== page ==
But we really did change the world and are still changing it.
So that a man from that period is a woman hater is not surprising. That he attacks a woman and threatens her is not surprising. With equality, not full because we still are not there, making strides, he obviously has felt under attack for some time. So he probably feels very powerful sending threatening e-mails. He probably expected C.I. to cower. When C.I. noted them here, the man was enraged because no abuser likes to be exposed. Ike Turner still attempts to pass off his physical and mental abuse of Tina Turner as something minor and pin the problems on her.
That is how it is when a woman tells the truth. When abusive men are exposed, they are even angrier because it was all supposed to be "personal" and remain unknown. It always the public shame they face for their actions that enrages them, the sunlight of day shining on their behaviors.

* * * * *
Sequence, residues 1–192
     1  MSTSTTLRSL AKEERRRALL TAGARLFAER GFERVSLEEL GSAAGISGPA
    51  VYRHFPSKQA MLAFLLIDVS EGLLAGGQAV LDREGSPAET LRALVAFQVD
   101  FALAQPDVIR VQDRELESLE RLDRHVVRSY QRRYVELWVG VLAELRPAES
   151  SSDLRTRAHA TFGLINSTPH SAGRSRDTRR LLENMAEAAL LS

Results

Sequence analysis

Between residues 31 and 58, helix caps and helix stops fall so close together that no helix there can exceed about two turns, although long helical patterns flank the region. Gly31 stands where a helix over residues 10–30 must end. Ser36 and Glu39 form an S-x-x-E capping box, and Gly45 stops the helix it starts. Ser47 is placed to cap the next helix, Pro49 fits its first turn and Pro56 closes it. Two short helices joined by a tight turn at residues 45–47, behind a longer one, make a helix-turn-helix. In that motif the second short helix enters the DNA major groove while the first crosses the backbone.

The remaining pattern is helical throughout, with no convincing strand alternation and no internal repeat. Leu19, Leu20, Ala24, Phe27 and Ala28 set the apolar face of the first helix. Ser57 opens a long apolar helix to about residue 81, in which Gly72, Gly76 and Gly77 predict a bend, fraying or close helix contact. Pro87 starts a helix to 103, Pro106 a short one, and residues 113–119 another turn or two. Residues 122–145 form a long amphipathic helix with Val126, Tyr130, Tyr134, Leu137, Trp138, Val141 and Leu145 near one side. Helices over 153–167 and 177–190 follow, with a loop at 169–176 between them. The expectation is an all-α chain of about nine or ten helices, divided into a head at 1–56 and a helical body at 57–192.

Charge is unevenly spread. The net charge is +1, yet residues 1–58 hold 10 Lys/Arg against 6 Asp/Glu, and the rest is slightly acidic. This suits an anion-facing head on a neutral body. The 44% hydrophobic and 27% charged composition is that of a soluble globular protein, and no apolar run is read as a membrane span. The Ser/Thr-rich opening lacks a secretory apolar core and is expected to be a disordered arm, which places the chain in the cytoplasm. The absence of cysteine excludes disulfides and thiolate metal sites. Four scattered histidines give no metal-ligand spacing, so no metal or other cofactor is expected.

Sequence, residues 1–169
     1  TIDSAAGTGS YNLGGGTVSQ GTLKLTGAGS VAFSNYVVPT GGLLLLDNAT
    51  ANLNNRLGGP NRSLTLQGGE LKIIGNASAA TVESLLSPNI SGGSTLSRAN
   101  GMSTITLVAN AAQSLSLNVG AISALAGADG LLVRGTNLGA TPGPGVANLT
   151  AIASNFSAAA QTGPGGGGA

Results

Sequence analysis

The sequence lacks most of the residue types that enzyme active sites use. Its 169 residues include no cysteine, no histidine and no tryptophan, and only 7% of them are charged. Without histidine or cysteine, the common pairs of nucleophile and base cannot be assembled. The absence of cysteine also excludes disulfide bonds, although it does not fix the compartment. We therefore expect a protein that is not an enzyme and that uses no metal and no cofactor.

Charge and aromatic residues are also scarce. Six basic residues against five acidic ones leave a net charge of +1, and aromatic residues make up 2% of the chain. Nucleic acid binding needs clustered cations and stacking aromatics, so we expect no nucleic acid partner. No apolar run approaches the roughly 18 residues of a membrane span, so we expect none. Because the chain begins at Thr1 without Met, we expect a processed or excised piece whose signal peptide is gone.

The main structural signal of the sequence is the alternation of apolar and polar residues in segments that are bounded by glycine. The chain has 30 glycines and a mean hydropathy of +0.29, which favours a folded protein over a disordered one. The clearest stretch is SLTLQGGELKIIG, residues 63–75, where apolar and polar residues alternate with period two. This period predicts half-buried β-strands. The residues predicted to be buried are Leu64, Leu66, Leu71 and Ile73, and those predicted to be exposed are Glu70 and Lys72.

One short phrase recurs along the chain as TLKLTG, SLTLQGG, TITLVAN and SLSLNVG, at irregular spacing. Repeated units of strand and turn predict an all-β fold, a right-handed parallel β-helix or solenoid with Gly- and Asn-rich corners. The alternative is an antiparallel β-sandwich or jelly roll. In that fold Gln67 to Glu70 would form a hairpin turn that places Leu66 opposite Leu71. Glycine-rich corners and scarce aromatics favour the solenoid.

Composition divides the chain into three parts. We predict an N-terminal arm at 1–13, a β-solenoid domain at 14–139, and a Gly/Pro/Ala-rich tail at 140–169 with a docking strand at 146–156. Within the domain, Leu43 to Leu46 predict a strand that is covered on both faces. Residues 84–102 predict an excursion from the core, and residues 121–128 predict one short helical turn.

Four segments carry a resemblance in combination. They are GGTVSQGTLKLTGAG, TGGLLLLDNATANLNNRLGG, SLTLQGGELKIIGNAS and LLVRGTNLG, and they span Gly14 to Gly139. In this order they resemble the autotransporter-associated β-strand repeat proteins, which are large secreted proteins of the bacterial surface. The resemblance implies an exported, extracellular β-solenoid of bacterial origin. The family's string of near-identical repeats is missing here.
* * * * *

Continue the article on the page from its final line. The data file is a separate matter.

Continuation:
Which, when you think of it, demonstrates that, despite claims otherwise, even they know their behaviors are not the "norm" or acceptable.
The Washington Post, a few months ago, explored the abuse of women online. So hopefully this somehow contributes to that discussion.
I am an old woman now with grandchildren and, no doubt, great grandchildren on the way in the near future. My generation and ones that came after have fought for a better and more equal world. Younger generations take up the challenge today and we see, fortunately, that many males are willing to join in the struggle. The feminist movement has never stopped or ceased. The accomplishments have been immense and more will be done. We should probably see the attacks on women online as a the last struggles of sexists who think they have a "right" to bully women, to threaten them, and to silence them. Hopefully, those final gasps will have died out when my granddaughter Tracey is a grandmother.